Sunday, October 23, 2005

Forgotten Knee Pain Remebered in its Absence

A few nights ago I taught a yoga class that was primarily focused on stretching the quadriceps and hip flexors. These are the muscles on the fronts of the legs and pelvis.

We explored postures like thunderbolt pose (vajrasana), hero pose (virasana), reclined hero pose (supta virasana), reclined half hero pose (supta ardha virasana), and various lunges (banarasana).

After class I noticed that I had no pain in my right knee. What a great feeling...the absence of knee pain!

[Note: Here's an important instruction. If you experience knee pain while performing any of the poses listed above, you should stop immediately. Make appropriate adjustments so that you can practice these poses without pain.]

So, there's a great yoga tip. If you've got a sore knee, try a good series of poses that warm up the hips and legs, and stretch the quads and hip flexors. You might find out that, like me, the soreness leaves you.

But here's the puzzle that really made me think as I drove home from class:
Why didn't I notice my knee soreness until it went away?
Stump the teacher. I don't really know why. But I'm guessing two things got in my way: lack of awareness and laziness.

I had coffee Friday morning with my Dad. He was talking about a pain about which he said, "I've been living with it so long, I forgot I had it." That sums it up for me!

We humans have a tremendous capacity to sort through ideas and phenomena and immediately ignore the ones that aren't useful or seem to get in our way.

Patanjali says "the posture of yoga is steady and easy." But sometimes I practice yoga poses with ego gratification in the driver seat. When that happens, I'll do anything to accomplish the pose, even if it hurts. That's not yoga.

That's why regular practice of savasana, the corpse pose, is so important. In the absolute stillness of that pose you become more senstive and aware. And that sensitivity and awareness can be carried over into the more vigorous poses and your life off the mat, too.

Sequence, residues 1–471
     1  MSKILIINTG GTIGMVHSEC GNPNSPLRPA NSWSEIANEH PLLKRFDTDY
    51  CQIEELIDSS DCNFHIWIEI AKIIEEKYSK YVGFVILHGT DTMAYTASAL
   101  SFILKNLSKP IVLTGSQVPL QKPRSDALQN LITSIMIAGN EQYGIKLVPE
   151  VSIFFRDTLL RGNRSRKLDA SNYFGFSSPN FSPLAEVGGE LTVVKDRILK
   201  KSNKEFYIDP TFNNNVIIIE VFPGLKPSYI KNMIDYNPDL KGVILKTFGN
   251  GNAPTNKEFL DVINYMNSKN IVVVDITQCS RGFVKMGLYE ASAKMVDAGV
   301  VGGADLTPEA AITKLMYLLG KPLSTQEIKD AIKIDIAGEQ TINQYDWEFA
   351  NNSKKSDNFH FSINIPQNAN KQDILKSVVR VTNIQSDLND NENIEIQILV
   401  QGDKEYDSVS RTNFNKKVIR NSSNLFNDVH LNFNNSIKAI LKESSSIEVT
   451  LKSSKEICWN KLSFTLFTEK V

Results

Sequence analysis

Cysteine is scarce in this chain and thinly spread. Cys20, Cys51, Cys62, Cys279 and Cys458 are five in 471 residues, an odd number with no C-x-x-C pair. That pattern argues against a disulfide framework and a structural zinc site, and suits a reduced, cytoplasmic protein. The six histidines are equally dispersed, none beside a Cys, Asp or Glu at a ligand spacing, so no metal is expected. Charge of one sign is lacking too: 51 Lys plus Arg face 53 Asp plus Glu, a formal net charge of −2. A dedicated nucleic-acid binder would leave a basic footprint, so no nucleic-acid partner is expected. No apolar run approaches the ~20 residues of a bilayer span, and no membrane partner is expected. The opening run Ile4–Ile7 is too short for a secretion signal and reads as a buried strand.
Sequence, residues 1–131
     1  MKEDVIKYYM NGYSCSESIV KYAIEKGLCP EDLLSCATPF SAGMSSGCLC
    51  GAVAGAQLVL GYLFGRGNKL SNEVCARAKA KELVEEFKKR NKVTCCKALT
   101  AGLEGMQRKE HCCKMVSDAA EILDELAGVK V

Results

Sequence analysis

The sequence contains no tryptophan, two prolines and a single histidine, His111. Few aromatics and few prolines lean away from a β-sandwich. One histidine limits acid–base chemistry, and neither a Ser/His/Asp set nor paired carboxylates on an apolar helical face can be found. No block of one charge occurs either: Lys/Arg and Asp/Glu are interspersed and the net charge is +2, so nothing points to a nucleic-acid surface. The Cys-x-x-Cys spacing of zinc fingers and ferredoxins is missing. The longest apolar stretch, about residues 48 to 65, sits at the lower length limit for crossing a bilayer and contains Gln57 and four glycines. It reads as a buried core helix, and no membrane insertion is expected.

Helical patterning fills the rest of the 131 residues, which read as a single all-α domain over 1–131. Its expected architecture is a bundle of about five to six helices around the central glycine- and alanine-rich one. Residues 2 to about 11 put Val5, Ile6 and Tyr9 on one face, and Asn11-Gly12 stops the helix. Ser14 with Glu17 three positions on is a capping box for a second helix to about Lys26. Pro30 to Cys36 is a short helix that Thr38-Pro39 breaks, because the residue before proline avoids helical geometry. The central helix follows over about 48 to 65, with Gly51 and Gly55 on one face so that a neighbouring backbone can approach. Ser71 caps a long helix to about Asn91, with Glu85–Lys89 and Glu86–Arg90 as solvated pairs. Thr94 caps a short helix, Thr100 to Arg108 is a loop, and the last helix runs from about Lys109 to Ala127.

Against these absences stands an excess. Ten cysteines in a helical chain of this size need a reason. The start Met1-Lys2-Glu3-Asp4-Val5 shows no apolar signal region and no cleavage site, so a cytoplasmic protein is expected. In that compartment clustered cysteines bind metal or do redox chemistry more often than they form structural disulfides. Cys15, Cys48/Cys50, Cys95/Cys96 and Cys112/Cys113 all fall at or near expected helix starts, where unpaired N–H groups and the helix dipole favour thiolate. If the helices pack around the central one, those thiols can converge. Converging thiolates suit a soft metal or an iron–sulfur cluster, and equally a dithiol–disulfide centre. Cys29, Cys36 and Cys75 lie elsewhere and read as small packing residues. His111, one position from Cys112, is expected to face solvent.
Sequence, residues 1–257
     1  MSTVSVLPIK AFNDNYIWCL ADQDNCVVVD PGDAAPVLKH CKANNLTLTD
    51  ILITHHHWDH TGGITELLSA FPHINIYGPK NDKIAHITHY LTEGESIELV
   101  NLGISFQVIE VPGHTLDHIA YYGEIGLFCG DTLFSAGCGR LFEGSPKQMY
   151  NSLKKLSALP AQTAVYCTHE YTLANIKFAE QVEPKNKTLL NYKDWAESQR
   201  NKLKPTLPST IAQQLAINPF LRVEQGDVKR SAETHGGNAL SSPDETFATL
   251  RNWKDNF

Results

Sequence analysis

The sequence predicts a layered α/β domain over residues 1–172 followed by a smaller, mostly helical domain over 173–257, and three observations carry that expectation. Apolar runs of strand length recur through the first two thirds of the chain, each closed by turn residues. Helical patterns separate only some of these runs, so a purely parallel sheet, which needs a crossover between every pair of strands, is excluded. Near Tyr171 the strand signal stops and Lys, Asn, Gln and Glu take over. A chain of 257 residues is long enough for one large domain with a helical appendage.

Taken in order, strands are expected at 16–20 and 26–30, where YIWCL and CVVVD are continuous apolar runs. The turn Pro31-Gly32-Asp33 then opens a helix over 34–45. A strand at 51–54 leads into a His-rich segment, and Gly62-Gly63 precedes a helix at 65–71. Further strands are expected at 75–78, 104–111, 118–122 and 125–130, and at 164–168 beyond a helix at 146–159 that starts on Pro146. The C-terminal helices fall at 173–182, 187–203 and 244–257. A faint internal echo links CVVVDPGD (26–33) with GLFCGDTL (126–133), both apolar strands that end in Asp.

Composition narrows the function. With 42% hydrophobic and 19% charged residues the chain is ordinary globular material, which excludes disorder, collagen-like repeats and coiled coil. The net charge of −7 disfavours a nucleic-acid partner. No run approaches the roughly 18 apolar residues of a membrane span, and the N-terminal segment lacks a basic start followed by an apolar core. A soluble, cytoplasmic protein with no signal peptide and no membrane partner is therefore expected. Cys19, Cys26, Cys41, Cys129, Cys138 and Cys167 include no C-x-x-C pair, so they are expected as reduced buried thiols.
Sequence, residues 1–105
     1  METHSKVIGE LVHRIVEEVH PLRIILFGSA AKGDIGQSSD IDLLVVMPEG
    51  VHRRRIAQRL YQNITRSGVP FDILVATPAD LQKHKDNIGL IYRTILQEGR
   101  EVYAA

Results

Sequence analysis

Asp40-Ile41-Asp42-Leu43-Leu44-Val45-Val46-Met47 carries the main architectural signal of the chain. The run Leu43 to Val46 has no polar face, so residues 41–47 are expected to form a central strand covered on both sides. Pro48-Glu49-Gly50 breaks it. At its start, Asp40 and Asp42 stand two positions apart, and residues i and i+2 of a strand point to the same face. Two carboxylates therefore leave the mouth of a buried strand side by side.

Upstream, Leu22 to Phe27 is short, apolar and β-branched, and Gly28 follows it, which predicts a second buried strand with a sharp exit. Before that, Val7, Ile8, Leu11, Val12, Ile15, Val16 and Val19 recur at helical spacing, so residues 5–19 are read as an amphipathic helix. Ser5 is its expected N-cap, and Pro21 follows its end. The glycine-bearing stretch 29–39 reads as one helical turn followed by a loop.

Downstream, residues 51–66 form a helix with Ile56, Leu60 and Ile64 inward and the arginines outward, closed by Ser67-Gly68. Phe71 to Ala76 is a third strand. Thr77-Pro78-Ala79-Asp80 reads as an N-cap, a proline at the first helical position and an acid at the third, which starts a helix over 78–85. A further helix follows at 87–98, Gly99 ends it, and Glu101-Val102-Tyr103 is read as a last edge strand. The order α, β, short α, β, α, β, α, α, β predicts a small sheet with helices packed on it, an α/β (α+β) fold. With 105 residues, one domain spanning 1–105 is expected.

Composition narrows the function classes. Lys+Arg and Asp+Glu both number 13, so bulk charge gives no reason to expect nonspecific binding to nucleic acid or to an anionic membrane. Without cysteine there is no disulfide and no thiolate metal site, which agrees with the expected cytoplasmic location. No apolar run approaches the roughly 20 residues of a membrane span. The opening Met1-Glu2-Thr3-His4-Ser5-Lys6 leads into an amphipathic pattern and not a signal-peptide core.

When you're sensitive and aware, you're more likely to notice your knee pain AND notice that you've been ignoring it, or blocking it out.

I know many really great techniques and tips that are effective for eliminating knee pain. But I'll be honest with you. Sometimes I'm lazy. I know what to do, but I don't do it.

The awareness I gain from yoga also helps me to slow down and see clearly when I'm being lazy, too.

Don't just read about it. Get up. Experience it. Experience yoga!

Kevin Perry

p.s., Here's my standard disclaimer. I am not a doctor or other health care provider. This information is not intended to be medical advice or diagnosis. You should seek medical advice and diagnoses from qualified licensed health care providers.

p.p.s., I am qualified to help you learn and remember the Sanskrit names of yoga poses. Look at the yoga poses named above. Vajrasana means thunderbolt pose. It looks and sounds almost like virasana, the hero pose. In both poses, your legs are folded under you. In vajrasana, you sit on your heels. In virasana, your feet are wider apart, so you sit on the ground between your feet.

How do you keep it all straightened out in your mind? Mostly by association. You associate new ideas with ones you already know. We'll do lots of that when we get together for the Experience Sanskrit workshop.

Our next workshop date is in Dallas at the Surya Center for Yoga on November 5. It's coming soon. So register at before the price goes up to $60. The four-hour workshop is fun. And you get a 100-page companion course guide to use and take home with you. Register today.

Copyright 2005. All rights reserved, Mo Yoga LLC.


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